Image courtesy of Fluke Reliability
Improvements in computerized maintenance management system (CMMS) software for hospitals and other health care facilities include deep data analysis, improved data security, and connections to artificial intelligence (AI) and the Internet of Things (IoT).
Additionally, the latest generation of CMMS software is represented by cloud-based solutions with benefits that include quick implementation, easy upgrades and data security. These systems incorporate mobile-based applications to reduce the need for documentation and provide technicians with real-time access to their work via instant notifications.
More hospitals also are utilizing CMMS software to facilitate preventive maintenance planning, history monitoring and workflow automation to improve the dependability and availability of critical equipment.
CMMS software can now generate reports on equipment performance. “This information is being used to make data-driven decisions, enabling health care organizations to recognize trends, control costs, create plans and make decisions about equipment updates, replacements and the allocation of resources,” says Scott Nelson, vice president of marketing at TMA Systems, Tulsa, Okla.
Additionally, more hospitals are adopting mobile platform systems to facilitate access to data and to enhance the productivity of maintenance operations. “Implementation of sensor-driven technologies continues to expand in managing specific room environments and critical equipment for storage and management of patient food supplies and medications,” says Anupam Sachdev, CEO at zLink Inc., Maynard, Mass.
New CMMSs feature improved digital displays as well. For best results, external programs should be integrated with a CMMS, according to George Mills, director of technical operations for health care solutions at JLL Healthcare, Chicago. “This should include architectural and life safety drawings with equipment and other features tagged and integrated into the CMMS and displayed on the drawing. Intelligent inspection tools should be included in CMMS capability with equipment tracking displayed digitally.”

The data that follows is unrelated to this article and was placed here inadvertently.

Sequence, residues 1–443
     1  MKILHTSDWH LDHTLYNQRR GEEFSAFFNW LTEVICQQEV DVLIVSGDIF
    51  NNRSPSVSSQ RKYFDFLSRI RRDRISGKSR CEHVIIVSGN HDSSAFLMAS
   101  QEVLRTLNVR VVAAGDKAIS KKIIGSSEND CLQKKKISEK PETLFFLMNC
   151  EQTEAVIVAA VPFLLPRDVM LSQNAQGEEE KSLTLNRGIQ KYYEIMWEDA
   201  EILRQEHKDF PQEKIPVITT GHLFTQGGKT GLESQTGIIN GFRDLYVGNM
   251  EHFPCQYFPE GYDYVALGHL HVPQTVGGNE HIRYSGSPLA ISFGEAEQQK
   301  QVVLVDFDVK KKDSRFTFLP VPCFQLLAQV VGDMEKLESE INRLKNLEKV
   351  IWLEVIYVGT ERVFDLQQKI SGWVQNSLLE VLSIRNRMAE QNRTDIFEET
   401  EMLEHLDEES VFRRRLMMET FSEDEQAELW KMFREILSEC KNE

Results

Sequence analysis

Historically, hospital maintenance mainly pursued risk-based approaches to maintenance and reliability strategies, according to Greg Perry, CMRP, CRL, senior capacity assurance consultant at eMaint by Fluke Reliability, Everett, Wash. “Today, we see more hospital facilities managers moving toward reliability-centered maintenance (RCM) and the benefits it can bring, which include less downtime, longer equipment life spans and fewer repairs.”
There is a major push toward integrating CMMS and compliance tool sets, which enables teams to better manage their day-to-day work order management needs and compliance tracking and reporting, says Josh Malbogat, vice president of health care sales at Brightly Software, Cary, N.C. “Features such as direct references to The Joint Commission, integrating environment of care rounding and specific compliance reporting dashboards are keys to a successful compliance strategy in a health care setting.”
Hospitals often have a large backlog of deferred maintenance and asset replacements — an unfunded liability that, for some systems, can reach into the billions of dollars, Malbogat says. “The driver now is to identify the highest risk areas and come up with replacement plans to mitigate that risk, while working within the confines of limited capital budgets,” he says. “The health care field needs solutions that identify the backlog and deliver the insights needed to prioritize capital spending.”
zLink Inc. offers the zLinkFM platform, which comprises 30 software components that meet a broad range of hospital requirements. The company has introduced an inventory management system that supports work order and preventive maintenance functions and better manages inventory thresholds. “The system supports all hospital consumables that can be ordered by departments from the internal warehouse using visualized product catalogs and intuitive checkout capabilities,” Sachdev says. “Another addition to the platform is the patient property inventory management system.”
Phoenix Data Systems Inc., Southfield, Mich., offers AIMS 3, the fifth generation of its CMMS product. The company strives to make the software so efficient that users can spend more time in the field, according to Aaron Peters, vice president of product development. “One of the most notable features is AIMS 3 automation. This tool allows the user to set up automatic processes that are triggered by specific events. Once a process is automated, the previous repetitive task will no longer require labor time.”